The Wii U's lackluster launch sales can be blamed on one simple problem: it didn't have the games to support it, said Nintendo of America president Reggie Fils-Aime.
"This industry is all about content," Fils-Aime told Polygon at E3 last week. "I can map out why the Wii took off at launch, it had two killer pieces at launch: Twilight Princess, Wii Sports. Look at our DS business. Our DS business was OK, but it was the launch of DS Lite, the launch of Nintendogs, the launch of the first New Super Mario Bros. where that system sort of dramatically took off."
The same was true for the 3DS, he continued. It was the launch of Ocarina of Time and Mario Kart 7 that fueled its sales.
"So what happened with Wii U?" Fils-Aime said. "Once the software came that showcased the capabilities of the system, guess what happened? The hardware took off."
Back in March 2013, Shigeru Miyamoto bemoaned the flat launch sales of the Wii U. At the time he told us that the console's flat sales since its November 2012 launch was likely due to a lack of games that showed off the console's capabilities.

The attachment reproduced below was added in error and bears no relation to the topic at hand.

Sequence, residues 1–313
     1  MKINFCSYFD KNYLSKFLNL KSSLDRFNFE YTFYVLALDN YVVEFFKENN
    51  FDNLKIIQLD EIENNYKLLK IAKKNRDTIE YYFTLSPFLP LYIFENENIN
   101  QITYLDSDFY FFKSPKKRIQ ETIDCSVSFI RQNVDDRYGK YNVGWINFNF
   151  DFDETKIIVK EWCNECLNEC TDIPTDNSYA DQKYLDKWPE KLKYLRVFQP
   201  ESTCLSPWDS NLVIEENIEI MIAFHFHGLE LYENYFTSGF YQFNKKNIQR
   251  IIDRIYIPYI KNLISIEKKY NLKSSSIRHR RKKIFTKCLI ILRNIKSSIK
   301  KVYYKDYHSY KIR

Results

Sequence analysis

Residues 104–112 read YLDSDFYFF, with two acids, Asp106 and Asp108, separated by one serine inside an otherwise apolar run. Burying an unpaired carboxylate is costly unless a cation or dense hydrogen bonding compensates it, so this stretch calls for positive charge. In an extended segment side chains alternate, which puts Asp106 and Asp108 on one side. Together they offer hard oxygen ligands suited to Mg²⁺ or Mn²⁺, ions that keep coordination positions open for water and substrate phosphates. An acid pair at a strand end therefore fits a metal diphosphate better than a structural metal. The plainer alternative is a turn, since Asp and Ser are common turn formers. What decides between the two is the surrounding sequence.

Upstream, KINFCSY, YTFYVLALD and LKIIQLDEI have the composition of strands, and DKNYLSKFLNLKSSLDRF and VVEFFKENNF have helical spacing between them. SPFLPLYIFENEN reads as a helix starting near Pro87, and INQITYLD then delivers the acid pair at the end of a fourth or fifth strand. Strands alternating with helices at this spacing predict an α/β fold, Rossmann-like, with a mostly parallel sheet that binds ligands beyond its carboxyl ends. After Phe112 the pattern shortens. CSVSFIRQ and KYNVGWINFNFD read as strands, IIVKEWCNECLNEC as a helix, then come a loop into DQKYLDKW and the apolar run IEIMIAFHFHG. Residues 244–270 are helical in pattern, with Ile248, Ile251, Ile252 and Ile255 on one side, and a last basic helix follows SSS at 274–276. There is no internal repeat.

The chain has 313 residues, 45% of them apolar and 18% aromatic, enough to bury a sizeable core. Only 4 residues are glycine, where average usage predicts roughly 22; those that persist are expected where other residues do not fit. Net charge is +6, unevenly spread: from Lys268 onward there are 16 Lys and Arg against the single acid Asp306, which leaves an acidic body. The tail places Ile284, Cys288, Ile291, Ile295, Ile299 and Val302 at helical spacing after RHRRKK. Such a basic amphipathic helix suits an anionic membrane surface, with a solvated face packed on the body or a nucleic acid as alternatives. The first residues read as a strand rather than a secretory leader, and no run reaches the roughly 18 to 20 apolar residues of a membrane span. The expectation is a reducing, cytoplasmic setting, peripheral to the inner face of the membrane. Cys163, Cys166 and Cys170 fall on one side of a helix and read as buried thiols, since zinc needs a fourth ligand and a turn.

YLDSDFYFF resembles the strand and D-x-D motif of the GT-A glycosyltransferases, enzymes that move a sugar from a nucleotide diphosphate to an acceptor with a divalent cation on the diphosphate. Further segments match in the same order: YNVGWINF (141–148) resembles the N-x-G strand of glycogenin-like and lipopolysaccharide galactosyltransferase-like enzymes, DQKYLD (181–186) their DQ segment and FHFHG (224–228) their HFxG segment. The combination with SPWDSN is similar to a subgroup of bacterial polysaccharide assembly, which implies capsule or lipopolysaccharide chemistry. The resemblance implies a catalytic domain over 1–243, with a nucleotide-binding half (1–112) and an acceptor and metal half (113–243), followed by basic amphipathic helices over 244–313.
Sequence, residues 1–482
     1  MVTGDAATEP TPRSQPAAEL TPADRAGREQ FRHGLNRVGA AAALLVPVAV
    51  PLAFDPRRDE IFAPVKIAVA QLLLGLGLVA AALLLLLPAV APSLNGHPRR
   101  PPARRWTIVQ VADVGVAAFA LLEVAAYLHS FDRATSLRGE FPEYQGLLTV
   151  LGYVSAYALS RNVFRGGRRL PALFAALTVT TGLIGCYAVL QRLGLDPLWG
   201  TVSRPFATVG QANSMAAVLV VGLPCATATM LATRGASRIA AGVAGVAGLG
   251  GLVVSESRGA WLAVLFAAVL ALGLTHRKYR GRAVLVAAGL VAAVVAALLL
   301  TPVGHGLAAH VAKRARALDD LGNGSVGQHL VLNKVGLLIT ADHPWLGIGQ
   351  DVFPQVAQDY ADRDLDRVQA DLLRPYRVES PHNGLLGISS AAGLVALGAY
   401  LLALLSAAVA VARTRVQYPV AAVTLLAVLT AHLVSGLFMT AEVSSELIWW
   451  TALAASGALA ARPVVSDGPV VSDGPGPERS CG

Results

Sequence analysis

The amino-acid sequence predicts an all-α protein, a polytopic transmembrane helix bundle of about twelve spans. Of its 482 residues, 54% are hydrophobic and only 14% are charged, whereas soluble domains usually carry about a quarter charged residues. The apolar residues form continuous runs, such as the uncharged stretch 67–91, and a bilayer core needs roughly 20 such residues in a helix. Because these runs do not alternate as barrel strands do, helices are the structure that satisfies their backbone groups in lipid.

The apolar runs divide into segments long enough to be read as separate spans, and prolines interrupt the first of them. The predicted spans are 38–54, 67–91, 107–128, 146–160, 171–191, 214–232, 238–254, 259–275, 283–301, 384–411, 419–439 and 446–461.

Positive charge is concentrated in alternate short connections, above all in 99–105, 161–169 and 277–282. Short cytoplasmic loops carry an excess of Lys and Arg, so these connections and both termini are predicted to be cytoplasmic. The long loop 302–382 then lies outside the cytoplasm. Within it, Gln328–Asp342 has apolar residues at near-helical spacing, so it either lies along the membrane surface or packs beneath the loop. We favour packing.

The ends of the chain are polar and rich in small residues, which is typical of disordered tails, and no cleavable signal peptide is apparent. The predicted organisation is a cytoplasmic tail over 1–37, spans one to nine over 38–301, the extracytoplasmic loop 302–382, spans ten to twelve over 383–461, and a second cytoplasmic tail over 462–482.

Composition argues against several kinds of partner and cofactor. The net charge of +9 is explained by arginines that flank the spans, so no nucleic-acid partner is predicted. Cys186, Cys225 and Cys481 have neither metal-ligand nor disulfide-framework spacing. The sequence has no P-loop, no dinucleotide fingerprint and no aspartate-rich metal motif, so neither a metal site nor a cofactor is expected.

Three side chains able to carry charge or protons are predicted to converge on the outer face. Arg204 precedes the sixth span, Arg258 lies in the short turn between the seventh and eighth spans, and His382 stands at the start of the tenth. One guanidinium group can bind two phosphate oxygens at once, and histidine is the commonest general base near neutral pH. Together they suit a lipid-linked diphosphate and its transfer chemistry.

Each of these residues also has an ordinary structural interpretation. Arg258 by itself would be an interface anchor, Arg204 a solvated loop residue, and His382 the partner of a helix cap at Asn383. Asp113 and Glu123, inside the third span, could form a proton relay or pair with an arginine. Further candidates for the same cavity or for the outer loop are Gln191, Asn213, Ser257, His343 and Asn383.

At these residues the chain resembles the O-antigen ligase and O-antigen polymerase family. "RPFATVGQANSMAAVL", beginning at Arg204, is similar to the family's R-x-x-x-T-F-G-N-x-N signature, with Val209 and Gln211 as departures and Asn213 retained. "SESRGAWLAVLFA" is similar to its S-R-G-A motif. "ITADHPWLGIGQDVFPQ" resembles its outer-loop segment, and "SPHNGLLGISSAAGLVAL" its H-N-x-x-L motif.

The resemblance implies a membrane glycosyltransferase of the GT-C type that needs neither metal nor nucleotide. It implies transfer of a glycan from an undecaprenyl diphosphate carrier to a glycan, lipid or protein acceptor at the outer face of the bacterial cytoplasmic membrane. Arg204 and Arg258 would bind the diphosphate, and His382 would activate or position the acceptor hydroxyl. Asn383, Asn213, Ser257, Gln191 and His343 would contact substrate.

He felt that a few titles at the end of the year would boost sales, but what the Wii U really needed to succeed were more games that highlighted the Wii U's strongest feature: The GamePad.
"We're really focused on delivering content that takes advantage of that GamePad interaction and makes that second screen something that's very meaningful and so that's where we need to put our focus," he said at the time.
And, it turns out, he was right.
The end of that year saw a massive jump in Wii U sales, but then another slow down. That slow down ended at the end of last year with another wave of big titles and followed news of more games designed specifically with the GamePad in mind.
Fils-Aime see that too.
"I think it began holiday of 2013 as we prepped those launches that gave us some momentum," he said. "Then Mario Kart 8 hit, then it was Smash. I think it really was holiday of '13, when we started to get the momentum."
Now with GamePad-centric Splatoon out, and receiving positive reviews, and more details on a new Star Fox designed around the Wii U, Nintendo hopes to see that momentum continue.